I often hear people presenting cloud computing and why it makes sense to go to the cloud. When it comes time to give examples and demonstrate capabilities, they typically focus on provisioning and most often limit themselves to the provisioning of an infrastructure resource. Should we just focus on provisioning when assessing which technologies to use for the development of a cloud environment? In my mind, provisioning of infrastructure is the easy part; there are many other elements necessary to build a truly operational cloud. In most cases, provisioning of a virtual server does not deliver to users what they are looking for.
After provisioning the infrastructure there are a number of steps necessary for you to truly master cloud computing and provide end-users with services. Indeed, once the infrastructure is provisioned, the operating system needs to be configured, the appropriate software modules need to be installed and activated. On top of that, many services require more than one infrastructure component. For example, if you desire a collaboration space for a small team, you will need planning software, a chat capability, a database server (and if the database happens to be Oracle, it may even have to be provisioned on a physical server for support purposes) and a series of collaboration tools. Each of those may run on different operating systems, may require specific middleware and have to be configured a specific way. When you request the provisioning of this service, the first thing the cloud environment needs to do is to understand what the implications are from a resource and software point of view. It then needs to check whether the required resources are available. This may include whether a free license key is available for each tool, depending on the software licence agreement. Only then can you provision the infrastructure resources. In this case that includes virtual machines and one physical one for the database. So, the environment needs to be able to provision both physical and virtual environments. Actually, the service provider may use multiple hypervisors in different parts of his or her datacentre. You need a tool providing you the flexibility to perform and manage the provisioning, set-up and configuration of all elements required to deliver the requested service to the infrastructure.
Another aspect that is often forgotten is the links with the data. On the one hand you have the transient data sources that are provisioned with the service, and those just need to be set-up, but on the other you have the links back to the persistent data sources. These contain key pieces of information the service and probably other services, require access too to deliver their service. Properly linking to those data sources, which may be located in the same cloud environment or somewhere else (e.g. behind the firewall of the organization) and ensuring the networks are appropriately configured to provide easy access, are critical to ensure an acceptable user experience.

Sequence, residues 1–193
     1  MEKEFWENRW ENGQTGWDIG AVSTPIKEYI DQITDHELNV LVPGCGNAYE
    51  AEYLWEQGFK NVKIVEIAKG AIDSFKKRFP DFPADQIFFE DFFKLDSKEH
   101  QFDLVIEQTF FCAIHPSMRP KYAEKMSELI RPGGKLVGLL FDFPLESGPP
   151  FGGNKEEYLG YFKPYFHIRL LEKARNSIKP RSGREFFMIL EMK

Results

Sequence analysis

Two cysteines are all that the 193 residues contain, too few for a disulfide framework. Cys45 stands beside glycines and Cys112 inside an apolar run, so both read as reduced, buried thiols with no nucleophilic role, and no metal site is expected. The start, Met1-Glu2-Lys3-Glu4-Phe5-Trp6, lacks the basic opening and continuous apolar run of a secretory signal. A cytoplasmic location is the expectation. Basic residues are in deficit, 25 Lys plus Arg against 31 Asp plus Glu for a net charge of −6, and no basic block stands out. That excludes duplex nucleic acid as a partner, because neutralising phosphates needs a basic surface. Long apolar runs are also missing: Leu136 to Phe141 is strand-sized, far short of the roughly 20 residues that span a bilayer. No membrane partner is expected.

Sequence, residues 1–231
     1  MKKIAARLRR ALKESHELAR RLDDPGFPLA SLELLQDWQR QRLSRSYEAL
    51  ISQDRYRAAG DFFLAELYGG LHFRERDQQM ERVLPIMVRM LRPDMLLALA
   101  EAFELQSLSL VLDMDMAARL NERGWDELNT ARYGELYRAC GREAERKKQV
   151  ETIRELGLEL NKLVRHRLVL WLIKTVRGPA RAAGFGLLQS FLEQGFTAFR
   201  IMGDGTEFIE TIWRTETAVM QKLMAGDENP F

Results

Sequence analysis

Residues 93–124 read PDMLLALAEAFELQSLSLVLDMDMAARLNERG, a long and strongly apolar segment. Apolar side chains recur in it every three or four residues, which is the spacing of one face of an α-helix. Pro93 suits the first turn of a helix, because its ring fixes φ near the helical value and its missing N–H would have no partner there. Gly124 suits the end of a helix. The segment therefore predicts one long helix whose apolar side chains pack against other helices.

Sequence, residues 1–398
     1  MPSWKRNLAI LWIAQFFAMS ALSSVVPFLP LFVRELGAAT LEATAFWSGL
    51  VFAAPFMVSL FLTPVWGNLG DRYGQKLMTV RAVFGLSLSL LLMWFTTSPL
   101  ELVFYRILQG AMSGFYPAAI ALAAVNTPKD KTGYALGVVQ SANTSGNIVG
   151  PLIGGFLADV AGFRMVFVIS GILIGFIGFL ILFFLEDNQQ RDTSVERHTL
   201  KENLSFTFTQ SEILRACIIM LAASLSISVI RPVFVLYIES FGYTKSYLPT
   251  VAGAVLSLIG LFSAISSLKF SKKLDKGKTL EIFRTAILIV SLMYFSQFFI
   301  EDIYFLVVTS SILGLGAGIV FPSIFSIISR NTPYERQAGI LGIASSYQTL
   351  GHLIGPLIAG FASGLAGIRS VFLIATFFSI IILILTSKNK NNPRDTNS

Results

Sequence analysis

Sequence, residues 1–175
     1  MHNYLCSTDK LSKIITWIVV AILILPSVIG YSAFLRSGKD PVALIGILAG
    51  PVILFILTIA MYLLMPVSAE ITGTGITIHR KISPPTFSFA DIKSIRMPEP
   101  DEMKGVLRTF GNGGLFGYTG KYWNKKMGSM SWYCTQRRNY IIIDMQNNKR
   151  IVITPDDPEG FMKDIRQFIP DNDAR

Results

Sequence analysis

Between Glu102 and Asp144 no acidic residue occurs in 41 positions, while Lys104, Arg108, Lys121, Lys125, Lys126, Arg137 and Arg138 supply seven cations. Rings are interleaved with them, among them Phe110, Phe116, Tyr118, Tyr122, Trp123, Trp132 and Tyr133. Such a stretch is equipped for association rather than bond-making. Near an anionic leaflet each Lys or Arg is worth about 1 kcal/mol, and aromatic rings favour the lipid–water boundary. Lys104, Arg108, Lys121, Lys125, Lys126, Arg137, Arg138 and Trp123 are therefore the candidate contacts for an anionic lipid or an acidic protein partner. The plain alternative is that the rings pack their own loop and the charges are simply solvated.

And then, you would want appropriate security across all elements of the service. So, you will have to ensure end-to-end security. In particular if the service contains elements in different environments, ensuring all aspects of security are addressed is critical. And not just between the modules delivering the service, but also between the service and its interface to the end-user. As this interface may reside on a mobile device, the end-to-end security thinking needs to include the device, the service and the back-end infrastructures.
But that’s not all. Let’s assume now that your cloud has 50,000 virtual machines up and running and one of the key operating system or middelware vendors releases a security patch to close a gaping security hole in his software. You want that rolled out as quickly as possible, don’t you? You do not want to leave all those users at risk. So, you now need an environment that can patch those virtual machines, preferably on the fly. You do not want to have to stop everything. And by the way, you want to do that automatically as you do not have the personnel to check and patch 50,000 machines in a reasonable amount of time.
Starting from the fact one size does not fits all in cloud, and you often will end-up having multiple cloud environments (private, managed or public) delivering services or part of services to the end-user, you may want to look at making your life easy by building on compatible environments. This is where open source based clouds really make a difference. It also allows you to move some services or service modules across in case you run out of capacity in one of those cloud environments. Using a single management and automation environment to front-end these clouds allows your users to have a single point of entry for an environment whose complexity is hidden from them. Such tools exist today, make sure you understand what you need, what the tools you choose offer, and whether they address not just your existing needs, but also future requirements you may have. It may be difficult to move from one such tools to another over time, so you better make sure you choose the right one.
I pointed out that provisioning was the easy part; we’ve just made the rest simpler—managing, automating and securing the cloud environment. Even if you believe you only need infrastructure provisioning today, will provisioning be the only thing you want to do moving forward? I can assure you the answer is no. So make sure you team up with a partner that can provide you what you want in the future, with the experience you need to master the cloud across the lifecycle.
Christian Verstraete is the Chief Technologist Cloud at HP and has over 30 years in the industry, working with customers all over the world, linking business and technology.
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